My comments about books the past few weeks have generated interesting emails from readers, some of them out of state. Generally, they took sides in the ebooks vs. traditional books discussion. Younger readers favored the computerized books while older ones still prefer the printed format. One reader said she didnâ€™t want to give up paper books because she always embroidered book marks for Christmas and birthday gifts.
One might say the Barnetts have a thing for animals, both domestic and wild.
Upon entering Don and Jane Barnettâ€™s home, I am greeted with the warmth of Christmas. Among the sparkling ribbon and glittering mesh that mark the arrival of the holiday season is Smokey, a rescued cat, draped across the chaise lounge, while a sleekly coated pug, Mallory, nestles on a nearby rug.
Thanksgiving has come and gone and just about everyone I know enjoyed food, fun and fellowship, as dear Thelma Crotts would describe an occasion.
Fort those who don't know Mrs. Crotts, I'll explain. She was the principal at Angie Grant Elementary School for many years. My son Allen was one of her pets, and he naturally adored her.
I never heard her describe any social occasion without including the word "fellowship." It probably resulted from her many years as a preacher's wife. We church folks do a lot of "fellowshipping."
Even though my kids are teenagers, they still look forward to baking and decorating cookies for the Christmas season. It is a family tradition, one I hope they will pass down to their children. We are developing memories that will last a lifetime.
Almost every time you turn on the TV, you see news of some medicine being recalled or having caused physical distress.
However, there is good news â€” a no-cost, no-risk way to improve your health: It's called laughter.
Humor and laughter have been proven to activate the immune system, and it increases the killer cells that attack viral infected cells and some types of cancer and tumors. One report says laughter seems to tell the immune system to â€śturn it up a notch."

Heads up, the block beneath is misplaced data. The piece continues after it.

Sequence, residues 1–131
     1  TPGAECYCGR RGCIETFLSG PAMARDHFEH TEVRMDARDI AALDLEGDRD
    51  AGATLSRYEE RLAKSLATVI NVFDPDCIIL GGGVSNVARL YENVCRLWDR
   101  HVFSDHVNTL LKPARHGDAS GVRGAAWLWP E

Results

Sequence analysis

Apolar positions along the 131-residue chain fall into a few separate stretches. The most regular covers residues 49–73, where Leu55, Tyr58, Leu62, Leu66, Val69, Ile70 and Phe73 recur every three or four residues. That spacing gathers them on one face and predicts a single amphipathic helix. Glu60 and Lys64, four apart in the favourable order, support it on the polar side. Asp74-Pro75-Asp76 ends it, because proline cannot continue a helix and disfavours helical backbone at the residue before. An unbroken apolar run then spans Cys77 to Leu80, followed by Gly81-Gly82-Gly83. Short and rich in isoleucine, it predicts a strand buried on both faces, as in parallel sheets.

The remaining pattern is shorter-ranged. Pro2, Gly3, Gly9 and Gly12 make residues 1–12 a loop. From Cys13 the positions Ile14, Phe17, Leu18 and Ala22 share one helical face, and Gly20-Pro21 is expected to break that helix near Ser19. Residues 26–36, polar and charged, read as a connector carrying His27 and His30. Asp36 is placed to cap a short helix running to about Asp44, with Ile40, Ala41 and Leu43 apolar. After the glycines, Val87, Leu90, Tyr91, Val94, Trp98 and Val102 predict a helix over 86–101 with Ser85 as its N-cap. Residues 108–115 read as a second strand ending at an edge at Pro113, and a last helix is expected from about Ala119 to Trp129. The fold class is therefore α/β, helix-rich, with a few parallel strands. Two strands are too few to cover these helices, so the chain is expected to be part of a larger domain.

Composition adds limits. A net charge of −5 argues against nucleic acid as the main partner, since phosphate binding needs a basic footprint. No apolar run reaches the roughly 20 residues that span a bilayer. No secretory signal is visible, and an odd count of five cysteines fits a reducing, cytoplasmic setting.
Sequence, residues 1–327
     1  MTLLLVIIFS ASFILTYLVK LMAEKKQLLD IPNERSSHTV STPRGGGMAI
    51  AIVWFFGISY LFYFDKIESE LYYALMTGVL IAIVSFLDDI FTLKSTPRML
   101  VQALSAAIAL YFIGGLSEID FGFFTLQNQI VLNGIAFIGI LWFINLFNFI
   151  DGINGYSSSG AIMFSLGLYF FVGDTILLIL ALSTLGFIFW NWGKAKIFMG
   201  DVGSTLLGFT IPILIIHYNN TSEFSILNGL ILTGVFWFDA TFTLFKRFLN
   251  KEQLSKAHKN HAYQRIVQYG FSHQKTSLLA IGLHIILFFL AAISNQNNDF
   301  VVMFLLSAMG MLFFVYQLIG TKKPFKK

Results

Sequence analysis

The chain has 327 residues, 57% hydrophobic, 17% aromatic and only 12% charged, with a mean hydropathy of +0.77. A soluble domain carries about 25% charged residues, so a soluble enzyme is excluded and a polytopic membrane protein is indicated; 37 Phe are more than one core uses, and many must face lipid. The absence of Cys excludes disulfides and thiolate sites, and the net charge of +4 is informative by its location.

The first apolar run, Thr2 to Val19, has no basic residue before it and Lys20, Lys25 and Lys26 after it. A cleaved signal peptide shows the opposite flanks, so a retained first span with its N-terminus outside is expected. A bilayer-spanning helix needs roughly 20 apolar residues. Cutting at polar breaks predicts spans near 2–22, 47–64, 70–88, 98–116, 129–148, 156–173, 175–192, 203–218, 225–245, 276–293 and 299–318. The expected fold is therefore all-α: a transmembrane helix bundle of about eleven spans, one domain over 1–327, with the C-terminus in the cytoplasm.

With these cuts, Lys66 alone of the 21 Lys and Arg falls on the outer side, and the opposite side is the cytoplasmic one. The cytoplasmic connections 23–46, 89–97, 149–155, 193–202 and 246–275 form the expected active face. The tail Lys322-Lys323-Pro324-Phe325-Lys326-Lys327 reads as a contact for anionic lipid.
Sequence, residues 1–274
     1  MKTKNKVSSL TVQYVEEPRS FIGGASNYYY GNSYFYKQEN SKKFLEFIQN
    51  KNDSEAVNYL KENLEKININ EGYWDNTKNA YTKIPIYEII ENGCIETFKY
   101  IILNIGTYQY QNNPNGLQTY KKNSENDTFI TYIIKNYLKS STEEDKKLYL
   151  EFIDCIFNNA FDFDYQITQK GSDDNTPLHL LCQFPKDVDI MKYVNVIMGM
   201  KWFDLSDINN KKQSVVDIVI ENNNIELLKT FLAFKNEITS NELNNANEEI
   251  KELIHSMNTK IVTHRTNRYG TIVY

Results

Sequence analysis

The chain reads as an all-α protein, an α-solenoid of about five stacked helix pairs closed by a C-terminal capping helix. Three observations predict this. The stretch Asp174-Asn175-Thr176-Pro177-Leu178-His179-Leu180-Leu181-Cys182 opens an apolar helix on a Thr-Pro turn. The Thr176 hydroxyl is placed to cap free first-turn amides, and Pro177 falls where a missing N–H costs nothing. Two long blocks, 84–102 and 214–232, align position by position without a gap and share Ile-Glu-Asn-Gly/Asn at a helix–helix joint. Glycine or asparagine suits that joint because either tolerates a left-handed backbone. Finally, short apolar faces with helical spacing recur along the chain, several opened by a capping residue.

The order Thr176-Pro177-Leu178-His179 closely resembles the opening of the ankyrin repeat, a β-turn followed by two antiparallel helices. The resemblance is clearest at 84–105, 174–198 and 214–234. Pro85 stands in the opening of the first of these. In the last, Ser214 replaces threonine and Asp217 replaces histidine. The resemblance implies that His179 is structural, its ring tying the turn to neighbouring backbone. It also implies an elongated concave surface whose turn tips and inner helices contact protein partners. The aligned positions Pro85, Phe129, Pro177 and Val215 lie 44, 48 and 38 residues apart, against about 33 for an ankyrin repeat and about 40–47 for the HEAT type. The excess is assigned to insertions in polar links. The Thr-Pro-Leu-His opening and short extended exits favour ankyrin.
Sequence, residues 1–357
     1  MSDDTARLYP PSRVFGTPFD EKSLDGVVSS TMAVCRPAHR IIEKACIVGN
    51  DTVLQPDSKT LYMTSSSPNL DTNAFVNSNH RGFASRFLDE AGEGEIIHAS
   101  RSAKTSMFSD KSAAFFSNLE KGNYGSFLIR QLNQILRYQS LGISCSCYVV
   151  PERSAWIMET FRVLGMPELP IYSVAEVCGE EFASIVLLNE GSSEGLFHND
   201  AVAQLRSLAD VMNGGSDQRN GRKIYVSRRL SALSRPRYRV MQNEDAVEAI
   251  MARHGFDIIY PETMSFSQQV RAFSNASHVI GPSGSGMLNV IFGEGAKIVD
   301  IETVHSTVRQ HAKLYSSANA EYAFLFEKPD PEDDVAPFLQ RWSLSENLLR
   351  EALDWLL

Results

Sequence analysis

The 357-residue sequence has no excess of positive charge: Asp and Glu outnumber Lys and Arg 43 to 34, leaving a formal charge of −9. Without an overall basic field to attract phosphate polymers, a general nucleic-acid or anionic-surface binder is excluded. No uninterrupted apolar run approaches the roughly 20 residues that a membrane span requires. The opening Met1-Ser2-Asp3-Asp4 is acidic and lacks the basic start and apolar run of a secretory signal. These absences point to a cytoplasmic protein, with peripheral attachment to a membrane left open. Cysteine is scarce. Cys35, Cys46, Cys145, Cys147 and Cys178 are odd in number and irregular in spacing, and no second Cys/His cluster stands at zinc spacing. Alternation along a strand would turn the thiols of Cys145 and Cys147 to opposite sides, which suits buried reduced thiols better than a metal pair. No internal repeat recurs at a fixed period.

The other day I was shopping with my 2-year-old son, and as we often do, we ended up in the toy section. Dylan and I walked the aisles, and he picked up toy after toy. Each of which flashed a series of colorful lights and spoke, made sound effects or played music when you pushed a button.
He particularly enjoyed a rocket ship that counted down, lit up, and then made noises like it was blasting off.
Another favorite was a mechanical Mickey Mouse that played music as the figure hit his hands on a drum and danced.
So many times in life we tend to take the good things for granted. Our
family, children, friends, homeâ€¦the list goes on and on. Certain
people become so much a part of us that we think theyâ€™ll always be
there when we need them. We donâ€™t ever stop to think, â€śWhat would
happen if I lost all of this?â€ť
We only think of what we had when itâ€™s goneâ€¦and then itâ€™s too late.
The truth is, we should never take anything for granted. Not a single
person and not a single day. Yes, everyone knows this. But sometimes,
weâ€™re reminded in ways weâ€™d rather not be.
My wife saw two deer, one on each side of the road. Without knowing it, she solved one of the worldâ€™s age-old mysteries.
It was one of those moments when a scene plays out, but later the full depth of the incident weaves its way into our brain and that single moment becomes something much different that it appeared to be on the surface.
For several years the Courier has included in its Thanksgiving edition comments from local residents telling what they are most thankful for in this season in which we emphasize our blessings.
This year the focus was on school children, who certainly shared some interesting thoughts. You expect them to say, "I'm thankful for my my mamma, my daddy, my dog, my cat, my grandma, my grandpa, my house ... "
On and on and so forth.
Kids can surprise you, though. One little boy's answer was a real zinger. He said he was thankful "for calendars."